Wayne said Jai’s self-appraisal of his strengths would also enhance his role as an ambassador for cycling.

“Two years ago, when Jai claimed the leader’s jersey for the first time in his life, he got very emotional at the press conference.

“He said he was not an exceptional Under 19 athlete and he was not an athlete everyone tipped to go on be a contender in a grand tour. If this could happen to him, some guy from Perth, it can happen to lots of kids.

“That really resonates with people, that outlook that wonderful things can happen if you’ve got good talent, but also a strong work ethic, application and perseverance.

“Jai will be responsible for instilling a serious set of beliefs in young people who want to see where they can go. I find it hard not to get emotional about the result.”

BORA-hansgrohe crew
Jai celebrates the victory with the BORA-hansgrohe crew. Photo credit: BORA-hansgrohe.

Hometown Celebration

Wayne – the Liberal Party’s candidate for the seat of Balcatta in last year’s WA election, in which Labor claimed Balcatta and a record number of seats – said he was reaching out to his circle of contacts to push for a tickertape parade for Jai when he finally gets to return home.

“I’ve asked if the Perth Lord Mayor, Basil Zempilas, will put on a tickertape parade. I think it’s the least we can do. We do them for our football teams when they win premierships. We do them for our Olympic and Commonwealth Games athletes, and Jai’s victory was an incredible achievement at least on that scale.”

Wayne predicted Jai will go on to be a contender for further grand tour wins, with the potential for success at the Tour de France.

“It’s up to those people whose job it is to promote cycling, and others with a passion, to build on his win and achieve a positive outcome for our industry.”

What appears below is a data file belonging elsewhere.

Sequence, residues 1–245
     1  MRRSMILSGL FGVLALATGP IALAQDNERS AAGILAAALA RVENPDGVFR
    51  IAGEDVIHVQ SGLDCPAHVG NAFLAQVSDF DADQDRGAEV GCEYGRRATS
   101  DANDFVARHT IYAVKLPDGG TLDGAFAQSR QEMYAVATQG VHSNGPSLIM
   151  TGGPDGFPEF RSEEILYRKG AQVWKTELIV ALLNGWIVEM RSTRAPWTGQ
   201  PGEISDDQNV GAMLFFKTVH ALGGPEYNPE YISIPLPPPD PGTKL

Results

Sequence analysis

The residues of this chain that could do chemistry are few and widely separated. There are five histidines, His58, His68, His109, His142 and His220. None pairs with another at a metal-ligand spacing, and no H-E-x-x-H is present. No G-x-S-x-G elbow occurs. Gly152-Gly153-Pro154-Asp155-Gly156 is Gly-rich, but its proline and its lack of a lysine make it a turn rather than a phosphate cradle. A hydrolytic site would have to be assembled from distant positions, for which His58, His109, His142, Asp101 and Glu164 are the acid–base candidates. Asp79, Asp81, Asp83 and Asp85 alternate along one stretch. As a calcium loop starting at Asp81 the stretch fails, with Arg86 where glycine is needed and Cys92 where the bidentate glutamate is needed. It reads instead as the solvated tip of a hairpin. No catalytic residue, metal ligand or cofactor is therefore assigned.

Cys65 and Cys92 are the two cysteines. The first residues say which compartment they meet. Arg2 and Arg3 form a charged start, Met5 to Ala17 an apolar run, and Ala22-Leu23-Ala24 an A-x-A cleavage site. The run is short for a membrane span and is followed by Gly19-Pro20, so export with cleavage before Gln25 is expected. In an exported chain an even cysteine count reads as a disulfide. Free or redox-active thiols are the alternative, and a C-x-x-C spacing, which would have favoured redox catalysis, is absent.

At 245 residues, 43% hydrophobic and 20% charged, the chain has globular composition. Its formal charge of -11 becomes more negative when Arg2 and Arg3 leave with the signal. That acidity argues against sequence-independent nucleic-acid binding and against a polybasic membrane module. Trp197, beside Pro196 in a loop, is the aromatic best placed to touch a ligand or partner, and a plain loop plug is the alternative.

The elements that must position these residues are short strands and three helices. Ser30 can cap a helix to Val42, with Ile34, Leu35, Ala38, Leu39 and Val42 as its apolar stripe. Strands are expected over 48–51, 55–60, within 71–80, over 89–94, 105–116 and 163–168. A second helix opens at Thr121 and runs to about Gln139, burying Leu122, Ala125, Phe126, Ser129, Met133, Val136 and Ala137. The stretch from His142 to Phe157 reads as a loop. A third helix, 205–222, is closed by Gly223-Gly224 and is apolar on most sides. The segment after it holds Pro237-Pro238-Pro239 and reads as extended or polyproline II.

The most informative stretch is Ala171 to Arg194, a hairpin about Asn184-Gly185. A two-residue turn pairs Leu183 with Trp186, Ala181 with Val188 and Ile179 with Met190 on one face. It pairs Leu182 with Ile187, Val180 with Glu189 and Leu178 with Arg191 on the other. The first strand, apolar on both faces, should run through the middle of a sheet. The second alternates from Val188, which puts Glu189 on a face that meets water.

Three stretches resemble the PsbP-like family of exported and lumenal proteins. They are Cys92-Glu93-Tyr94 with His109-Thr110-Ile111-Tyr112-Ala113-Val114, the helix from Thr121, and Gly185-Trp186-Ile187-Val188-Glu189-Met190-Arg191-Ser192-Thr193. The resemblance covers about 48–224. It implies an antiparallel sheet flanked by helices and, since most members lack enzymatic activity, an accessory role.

“Jai’s Giro win was definitely not a flash in the pan result, that’s evidenced by the fact he was second in the race two years ago.

“At 26, he’s at an age when you would expect someone to show more consistency and he’s got many more years in him.

“That would definitely bring favourable outcomes for the bike industry in Australia, including an extended boost to sales.”

Further Action Needed

However, action was needed from decision makers in Australia to fully capitalise on that potential – from governments, cycling advocacy groups and administrators in the sport of cycling.

“Jai winning the Giro is one of the things that will provide a stimulus for discussion and drive things forward. Then

“It’s up to those people whose job it is to promote cycling, and others with a passion, to build on his win and achieve a positive outcome for our industry,” he said.

“The road racing scene in WA is pretty much decimated. We haven’t had a proper long-distance state road championship for a long time and the sport here is disarray.

“Its current state would not be capable of developing a Jai Hindley, a Cameron or Travis Meyer, a Ben O’Connor or any of the WA boys who are now making it at a world level.

“A strong racing scene is an essential component in getting people on bikes. It gives kids something to aspire to. Otherwise, they’ll dream of playing football for the Eagles, the Dockers or the Western Strikers instead – someone they can watch on TV.”

See the next issue of The Latz Report for a broader industry response on how cycling advocacy and the industry can capitalise on successes like Jai’s Giro win.